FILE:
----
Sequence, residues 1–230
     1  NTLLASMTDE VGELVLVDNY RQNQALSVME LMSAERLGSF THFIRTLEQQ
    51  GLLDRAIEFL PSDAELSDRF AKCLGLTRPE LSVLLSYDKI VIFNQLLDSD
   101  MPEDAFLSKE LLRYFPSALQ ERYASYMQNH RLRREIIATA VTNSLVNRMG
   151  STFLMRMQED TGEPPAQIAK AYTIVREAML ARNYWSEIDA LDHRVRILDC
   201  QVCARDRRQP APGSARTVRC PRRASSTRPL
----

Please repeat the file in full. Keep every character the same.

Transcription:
Sequence, residues 1–230
     1  NTLLASMTDE VGELVLVDNY RQNQALSVME LMSAERLGSF THFIRTLEQQ
    51  GLLDRAIEFL PSDAELSDRF AKCLGLTRPE LSVLLSYDKI VIFNQLLDSD
   101  MPEDAFLSKE LLRYFPSALQ ERYASYMQNH RLRREIIATA VTNSLVNRMG
   151  STFLMRMQED TGEPPAQIAK AYTIVREAML ARNYWSEIDA LDHRVRILDC
   201  QVCARDRRQP APGSARTVRC PRRASSTRPL